I read with extreme horror and bewilderment, the alleged reaffirmation of a renowned Ghanaian scholar who works with the United Nation’s Department of Economic and Social Affairs, Dr Ivy Ntiamoah, that Ex-President John Mahama built a vision for the nation and should be given another opportunity to transform the country fully.
In fact, I can hardly abandon my fury in condemnation over the scholar’s weird and somewhat baseless suggestion that Mahama worked his socks off and must be given another chance in government.
My indignation stems from the fact that the scholar in question’s place of work-United Nations Department of Economics and Social Affairs, hereafter, UN DESA, primordial mandate is to collate and analyse data of member states with the view to promoting the right to development in line with the 2030 Sustainable Development Goals (SDGs).
“UN DESA generates analyses and compiles a wide range of official economic, social and environmental data and information on which Member States draw to review common problems and to take stock of policy options. One of the Department’s primary contributions is providing policy research and analysis for governments to use in their deliberations and decision-making. Throughout recent decades, UN DESA’s in-depth policy analysis has helped resolve many of the world’s most pressing socio-economic issues (UN 2018).”
Based on the mandate of the scholar’s place of work, one would have expected the erudite scholar to revisit the data left behind by former President Mahama and juxtapose with the current data before coming up with such incoherent suggestion.
The said scholar stresses: “John Mahama built a vision of a unified Ghana, the kind of investments he made was strategic and good for the country’s economic take-off and people may disagree with that, but I think that is what Ghana needs at this point in time.”
Absolutely, the erection of developmental projects is crucial in the nation building. However, praiseworthy governance is not reducible to only the provision of social amenities and infrastructural projects. Suffice it to stress that the implementation of prudent programmes and policies is a hallmark of every smart government.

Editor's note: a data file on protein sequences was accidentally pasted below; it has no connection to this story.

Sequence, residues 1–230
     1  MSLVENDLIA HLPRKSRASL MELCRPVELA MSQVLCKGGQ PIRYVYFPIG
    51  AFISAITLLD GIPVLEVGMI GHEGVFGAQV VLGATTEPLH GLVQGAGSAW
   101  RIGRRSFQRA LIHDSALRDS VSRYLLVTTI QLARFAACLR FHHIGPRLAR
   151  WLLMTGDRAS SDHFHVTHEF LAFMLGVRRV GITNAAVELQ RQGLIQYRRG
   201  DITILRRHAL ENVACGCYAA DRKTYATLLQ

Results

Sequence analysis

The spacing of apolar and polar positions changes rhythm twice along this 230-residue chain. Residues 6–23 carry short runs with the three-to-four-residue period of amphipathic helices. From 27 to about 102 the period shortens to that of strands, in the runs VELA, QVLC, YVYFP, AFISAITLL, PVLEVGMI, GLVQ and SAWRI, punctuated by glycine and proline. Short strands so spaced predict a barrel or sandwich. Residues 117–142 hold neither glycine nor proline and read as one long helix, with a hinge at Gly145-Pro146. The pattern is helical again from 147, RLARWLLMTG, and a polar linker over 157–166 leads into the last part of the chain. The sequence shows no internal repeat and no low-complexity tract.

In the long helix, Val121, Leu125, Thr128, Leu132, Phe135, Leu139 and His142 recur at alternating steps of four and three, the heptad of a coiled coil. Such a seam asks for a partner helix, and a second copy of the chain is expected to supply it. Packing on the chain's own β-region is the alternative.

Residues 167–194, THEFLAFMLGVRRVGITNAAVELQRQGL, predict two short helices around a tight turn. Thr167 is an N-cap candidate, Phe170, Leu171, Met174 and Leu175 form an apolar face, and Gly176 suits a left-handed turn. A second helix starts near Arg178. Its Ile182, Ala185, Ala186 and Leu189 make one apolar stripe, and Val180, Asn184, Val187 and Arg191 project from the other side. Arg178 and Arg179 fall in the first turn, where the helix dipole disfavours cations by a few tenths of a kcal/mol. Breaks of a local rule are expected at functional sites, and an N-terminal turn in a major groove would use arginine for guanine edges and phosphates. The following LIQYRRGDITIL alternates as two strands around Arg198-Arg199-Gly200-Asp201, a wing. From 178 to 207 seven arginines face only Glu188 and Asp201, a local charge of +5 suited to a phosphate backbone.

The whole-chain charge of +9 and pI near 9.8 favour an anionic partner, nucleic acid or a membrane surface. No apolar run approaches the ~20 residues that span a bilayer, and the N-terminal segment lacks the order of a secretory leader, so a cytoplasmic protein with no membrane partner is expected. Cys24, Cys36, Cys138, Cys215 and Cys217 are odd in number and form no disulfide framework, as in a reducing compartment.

Well, if the renowned scholar cares to know, it was Ex-President Mahama who opined some time ago that the erection of social amenities and infrastructural projects by elected governments is an exercise in mediocrity as every government undertakes projects when in power.
As a matter of fact, former President Mahama hit the nail on the head. This is because we choose to elect a government to oversee our national affairs. And, we, in turn, are obliged to pay taxes to the elected government to run the country smoothly. In addition, the elected government has our unwavering support to go for prudent loans to support the day-to-day management of the country. In essence, we (the citizens) pay for all the expenses pertaining to the management of the country.
After all, to whom much is given, much is expected. It is worth emphasising that President Kufuor left a total debt of around 9.5 billion Ghana Cedis in 2009. However, our total debt ballooned to around 122.4 billion Ghana Cedis as of September 2016.
This means that Mahama and his NDC government added more than 113 billion Cedis within a short space of seven and half years with a little to show for.
The scholar continues: “John Mahama as President between 2012 and 2016 offered the Ghanaians a new Ghana, they need to give him a second opportunity to accomplish his dream and to fully, transform the country.”
I do not want to belabour the point about how Ghana’s economy was regrettably sunk deeply into the mire under President Mahama’s leadership, but for the sake of balanced annotation, I will proceed anyhow.
Let us remind the astute scholar that during the 2012 electioneering campaign, former President Mahama and his NDC apparatchiks went haywire in their desperation to cling on to power. Thus they broke all conventions. Many government departments spent over and above their allocated budgets.